Price is the ultimate indicator and tells us when trend reversals are occurring. By spotting trend reversals we can potentially get in early on the next major price wave. Using price as the primary input for our decisions, there are two methods for trading trend reversals. One involves a slowdown in the trend followed by a trendline break. The other requires a sharp move against the trend and then a pullback.
Spotting Trend Reversals
Before spotting trend reversals, we need to be able to spot trends. An uptrend is when the price is making overall higher swing highs and higher swing lows.
A downtrend is when the price is making overall lower swing highs and lower swing lows.
“Overall” in this case applies to the time frame being watched. A stock price is constantly wiggling up and down, but as long as significant lows and highs are moving higher, it is an uptrend. All charts created using
In Figure 1 the stock is in a downtrend on the left because the price is making progress lower—lower lows and lower highs.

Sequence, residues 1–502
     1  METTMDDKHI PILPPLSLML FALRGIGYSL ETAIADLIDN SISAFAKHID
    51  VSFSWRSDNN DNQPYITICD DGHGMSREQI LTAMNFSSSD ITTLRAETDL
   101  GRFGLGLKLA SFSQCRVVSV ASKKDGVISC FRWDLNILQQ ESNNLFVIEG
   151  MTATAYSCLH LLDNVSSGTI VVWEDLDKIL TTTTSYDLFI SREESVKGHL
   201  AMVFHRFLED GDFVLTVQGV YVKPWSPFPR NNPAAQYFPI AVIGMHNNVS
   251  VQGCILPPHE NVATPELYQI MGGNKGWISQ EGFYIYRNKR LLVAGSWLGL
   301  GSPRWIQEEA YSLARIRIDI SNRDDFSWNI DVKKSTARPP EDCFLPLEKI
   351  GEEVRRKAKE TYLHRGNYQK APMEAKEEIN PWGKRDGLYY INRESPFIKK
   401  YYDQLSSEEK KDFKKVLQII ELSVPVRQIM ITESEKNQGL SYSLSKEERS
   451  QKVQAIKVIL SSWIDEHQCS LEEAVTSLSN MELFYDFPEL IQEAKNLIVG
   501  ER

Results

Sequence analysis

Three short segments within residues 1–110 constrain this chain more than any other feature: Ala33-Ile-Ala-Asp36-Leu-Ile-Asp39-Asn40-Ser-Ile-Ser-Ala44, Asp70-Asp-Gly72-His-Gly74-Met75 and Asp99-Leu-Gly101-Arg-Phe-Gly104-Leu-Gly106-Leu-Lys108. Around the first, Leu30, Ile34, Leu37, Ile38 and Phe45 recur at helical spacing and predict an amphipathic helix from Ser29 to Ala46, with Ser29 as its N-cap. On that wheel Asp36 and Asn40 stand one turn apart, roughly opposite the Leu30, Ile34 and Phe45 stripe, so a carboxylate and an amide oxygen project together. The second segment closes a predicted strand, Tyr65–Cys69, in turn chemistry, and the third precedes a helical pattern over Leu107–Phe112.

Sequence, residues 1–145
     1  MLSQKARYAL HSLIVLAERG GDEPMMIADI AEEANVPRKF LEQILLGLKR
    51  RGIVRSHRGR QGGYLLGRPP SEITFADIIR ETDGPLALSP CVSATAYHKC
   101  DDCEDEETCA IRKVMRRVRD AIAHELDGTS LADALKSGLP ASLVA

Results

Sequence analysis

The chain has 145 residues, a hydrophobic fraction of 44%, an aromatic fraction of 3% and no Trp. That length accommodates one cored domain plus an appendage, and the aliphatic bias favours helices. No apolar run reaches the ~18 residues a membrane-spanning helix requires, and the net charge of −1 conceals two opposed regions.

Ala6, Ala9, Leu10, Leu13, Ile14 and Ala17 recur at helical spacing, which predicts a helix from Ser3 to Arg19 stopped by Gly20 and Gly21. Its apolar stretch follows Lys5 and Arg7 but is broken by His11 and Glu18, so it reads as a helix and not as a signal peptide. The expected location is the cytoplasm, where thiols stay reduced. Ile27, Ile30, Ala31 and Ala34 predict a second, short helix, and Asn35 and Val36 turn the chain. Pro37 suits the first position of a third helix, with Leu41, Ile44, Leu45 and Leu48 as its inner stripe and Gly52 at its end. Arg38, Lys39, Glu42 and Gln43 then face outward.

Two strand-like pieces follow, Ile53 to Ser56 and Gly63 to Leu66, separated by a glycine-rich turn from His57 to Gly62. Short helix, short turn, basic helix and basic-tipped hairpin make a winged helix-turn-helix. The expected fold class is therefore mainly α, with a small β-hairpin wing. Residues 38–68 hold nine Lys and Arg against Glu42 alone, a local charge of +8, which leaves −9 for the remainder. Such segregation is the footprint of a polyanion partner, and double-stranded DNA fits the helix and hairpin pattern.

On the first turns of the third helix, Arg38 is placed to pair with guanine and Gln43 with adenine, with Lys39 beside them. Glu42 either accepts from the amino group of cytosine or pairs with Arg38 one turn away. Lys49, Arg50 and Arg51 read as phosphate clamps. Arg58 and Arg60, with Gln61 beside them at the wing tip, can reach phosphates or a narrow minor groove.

In March there is a transition to an uptrend. Following a major low in February, the price rallies beyond the former high seen in January. That strong move higher was enough to erase the decline seen between January and early February. That indicates a potential change in direction, but we need one more piece of evidence.
After the move higher in March the price barely pulls back and then starts to move higher again. The pullback therefore created a higher low. With a higher-high and a higher-low the downtrend is at the very least in trouble, and an uptrend is likely underway. More higher-highs and higher-lows confirm the new uptrend.